What’s required for this type of controversial — but important — research is “transparency, openness, disclosure of protocols and disclosure of purpose right from the start,” he said. “Who reviewed this experiment? Who approved it? Who’s funding it? All of this needs to be disclosed up front.”
Failure to do so, said Caplan, leads to speculation, which in turn breeds fear. The Salk Institute, UCAM and the contributing Chinese institute should disclose what they know about the experiment instead of staying silent, he said.
On that note, we contacted Izpisúa Belmonte and the Salk Institute to confirm the El País report, but we hadn’t heard back from either party at time of writing.
Letitia Meynell, an associate professor at Dalhousie University, said it’s “really depressing to see the willingness of scientists to engage in research tourism when the ethical standards of their home country make it impossible to conduct that research there,” she told Gizmodo.
“Certainly, these are ethically controversial issues. However, scientists who are willing to flout the ethics of their home countries and institutions should see themselves as obligated to make the ethical case for what they are doing,” she said.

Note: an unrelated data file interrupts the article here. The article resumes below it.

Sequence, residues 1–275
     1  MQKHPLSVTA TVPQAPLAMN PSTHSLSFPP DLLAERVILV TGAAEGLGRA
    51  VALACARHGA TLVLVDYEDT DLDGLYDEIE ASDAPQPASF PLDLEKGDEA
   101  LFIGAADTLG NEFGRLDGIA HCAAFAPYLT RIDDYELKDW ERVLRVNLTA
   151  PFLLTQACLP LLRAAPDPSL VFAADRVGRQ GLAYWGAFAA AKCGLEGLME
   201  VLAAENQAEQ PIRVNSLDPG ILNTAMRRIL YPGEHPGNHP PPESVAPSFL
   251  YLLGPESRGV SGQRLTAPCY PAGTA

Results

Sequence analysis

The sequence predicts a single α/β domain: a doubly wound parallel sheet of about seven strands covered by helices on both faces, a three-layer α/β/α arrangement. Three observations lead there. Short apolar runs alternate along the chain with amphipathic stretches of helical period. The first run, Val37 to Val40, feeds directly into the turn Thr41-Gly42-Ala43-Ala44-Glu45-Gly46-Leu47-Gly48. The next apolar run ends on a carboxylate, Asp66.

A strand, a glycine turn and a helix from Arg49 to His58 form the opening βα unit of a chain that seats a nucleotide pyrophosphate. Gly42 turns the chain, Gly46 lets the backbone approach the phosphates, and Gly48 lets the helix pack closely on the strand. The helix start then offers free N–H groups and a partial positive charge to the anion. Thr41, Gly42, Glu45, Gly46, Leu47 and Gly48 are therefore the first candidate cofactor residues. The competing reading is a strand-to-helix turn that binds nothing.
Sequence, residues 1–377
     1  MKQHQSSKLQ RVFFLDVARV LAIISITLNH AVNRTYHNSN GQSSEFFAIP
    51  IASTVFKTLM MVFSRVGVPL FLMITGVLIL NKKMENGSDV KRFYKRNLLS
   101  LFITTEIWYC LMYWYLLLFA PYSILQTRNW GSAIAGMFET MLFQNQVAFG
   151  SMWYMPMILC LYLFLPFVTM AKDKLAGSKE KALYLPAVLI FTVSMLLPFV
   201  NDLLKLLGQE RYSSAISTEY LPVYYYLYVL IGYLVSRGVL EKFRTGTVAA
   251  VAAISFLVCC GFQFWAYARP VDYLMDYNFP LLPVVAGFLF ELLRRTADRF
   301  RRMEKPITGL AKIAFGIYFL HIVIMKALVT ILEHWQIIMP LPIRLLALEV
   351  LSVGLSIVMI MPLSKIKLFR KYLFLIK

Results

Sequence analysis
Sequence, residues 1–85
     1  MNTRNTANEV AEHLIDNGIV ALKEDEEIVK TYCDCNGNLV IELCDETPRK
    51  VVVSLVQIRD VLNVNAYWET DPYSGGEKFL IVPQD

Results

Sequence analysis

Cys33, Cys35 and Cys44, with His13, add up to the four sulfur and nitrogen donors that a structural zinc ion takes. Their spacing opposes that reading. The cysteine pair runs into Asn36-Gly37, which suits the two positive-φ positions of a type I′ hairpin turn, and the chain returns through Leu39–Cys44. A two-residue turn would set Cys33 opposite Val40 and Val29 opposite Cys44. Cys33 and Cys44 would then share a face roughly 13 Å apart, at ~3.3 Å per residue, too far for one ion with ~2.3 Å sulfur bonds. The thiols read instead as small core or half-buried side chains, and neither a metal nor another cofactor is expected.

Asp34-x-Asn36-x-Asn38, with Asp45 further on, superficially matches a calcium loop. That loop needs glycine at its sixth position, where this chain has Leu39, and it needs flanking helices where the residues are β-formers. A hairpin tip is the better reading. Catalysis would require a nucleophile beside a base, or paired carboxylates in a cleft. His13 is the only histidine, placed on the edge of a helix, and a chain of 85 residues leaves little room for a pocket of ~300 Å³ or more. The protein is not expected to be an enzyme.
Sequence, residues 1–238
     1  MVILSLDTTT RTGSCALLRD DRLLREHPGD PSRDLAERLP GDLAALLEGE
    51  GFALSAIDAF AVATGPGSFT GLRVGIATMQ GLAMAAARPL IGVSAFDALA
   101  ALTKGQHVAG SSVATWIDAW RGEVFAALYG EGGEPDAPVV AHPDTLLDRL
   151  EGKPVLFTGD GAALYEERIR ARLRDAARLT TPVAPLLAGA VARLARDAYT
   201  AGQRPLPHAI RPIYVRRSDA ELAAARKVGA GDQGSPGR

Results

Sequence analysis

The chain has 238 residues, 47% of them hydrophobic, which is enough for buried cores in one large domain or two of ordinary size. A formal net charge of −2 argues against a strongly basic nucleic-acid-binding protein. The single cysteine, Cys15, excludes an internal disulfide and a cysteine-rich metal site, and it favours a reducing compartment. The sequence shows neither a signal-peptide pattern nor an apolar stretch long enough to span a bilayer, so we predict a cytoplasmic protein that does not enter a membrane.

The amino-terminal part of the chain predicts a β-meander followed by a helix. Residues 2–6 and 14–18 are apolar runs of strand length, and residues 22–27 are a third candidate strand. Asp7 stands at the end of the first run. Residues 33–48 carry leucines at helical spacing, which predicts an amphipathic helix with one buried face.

The surprise media disclosure also has Caplan questioning the researchers’ motives.
“It makes me wonder if they’re trying to make some sort of intellectual claim rather than move the science along, or they’re trying to be the first, generate hype, or somehow attract more money,” he said, saying the chosen approach “sheds all sorts of bad light where their might be clarity”.
The lack of global ethical standards has University of Toronto bioethicist Kerry Bowman worried about the future.
“This research shows disregard for a sentient social species,” Bowman told Gizmodo. “Although research to date has had a ‘red line’ in terms of the length of gestation allowed to progress [that is, the 14 days limit], this will eventually be lifted. What is the moral status of any creature with elements of human biology?”
No doubt, the prospect of human-animal chimeras introduces serious ethical concerns — but also the potential for tremendous medical gain.
Eventually, transgenic biotechnologies could be used to treat a host of medical problems, ranging from genetic disorders to immunities that combat infectious diseases. It could even be used to introduce new traits altogether.
To get there, however, we need to tread carefully and safely, and not at the expense of excessive animal suffering. Sadly, this research team led by Izpisúa Belmonte has started off on the wrong foot.